In all, Vitor spent four months in hospital, including two periods in the intensive care unit (ICU).

“I lost the movement of my legs and arms and I was dependent on others for everything. My body hurt a lot, and on one of the nights I started to see everything red. That was when they took me to the ICU for the second time. There, I had no visitors, looking at the ceiling and not moving. I just heard noises of people dying or appliances beeping. These were extremely difficult days”, he recalls.

The first discharge took place after about three months, but after a week at home taking medicine for supposed conjunctivitis, Vitor lost sight in one eye.

Back at the hospital, an ophthalmologist specializing in AIDS diagnosed the presence of ocular cytomegalovirus (an infection caused by a virus in the herpes family) and recommended urgent hospitalization.

“I didn’t want to go back at all, I cried a lot, but I was hospitalized. I also continued doing physiotherapy, and, to help me recover my movements, my mother put a towel under the plate of food and asked me to try to make the meal alone . I looked like a child dirtying everything, but little by little, I managed to do it”, he says.

Vitor next to his mother (on the left) and next to his sisters. According to him, family support was essential in the treatment — Photo: Personal archive/via BBC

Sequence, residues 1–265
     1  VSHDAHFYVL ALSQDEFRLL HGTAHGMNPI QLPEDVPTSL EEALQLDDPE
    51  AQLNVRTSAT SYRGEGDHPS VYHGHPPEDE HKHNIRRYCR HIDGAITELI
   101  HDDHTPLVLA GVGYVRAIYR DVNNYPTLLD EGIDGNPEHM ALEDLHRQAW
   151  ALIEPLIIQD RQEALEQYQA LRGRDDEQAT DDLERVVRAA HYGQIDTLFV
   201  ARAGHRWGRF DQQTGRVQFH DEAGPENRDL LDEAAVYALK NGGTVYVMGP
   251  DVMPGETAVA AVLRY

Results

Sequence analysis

“In the months I spent in the hospital, I lost autonomy, freedom and privacy. My father asked me: ‘What is the first thing you want to do when you leave here? Travel, go to the mall…’ And I replied that I wanted to take a shower. standing alone. He was surprised.”

Vitor says that his whole family was very affectionate and essential during the treatment period. “If I talk openly about living with HIV on social media today and encourage other people to get tested, it’s only because I had a very strong support network.”

Physical therapy sessions to regain movement were painful. “When the nurses came in, I pretended to be asleep so I wouldn’t have to go through the exercises, which I didn’t think helped at all. It wasn’t until I got emotional seeing my toe move subtly that I got more motivated.”

From a wheelchair, Vitor started using a walker, then a pair of crutches and, finally, he walked with the help of a cane – an evolution that took a year.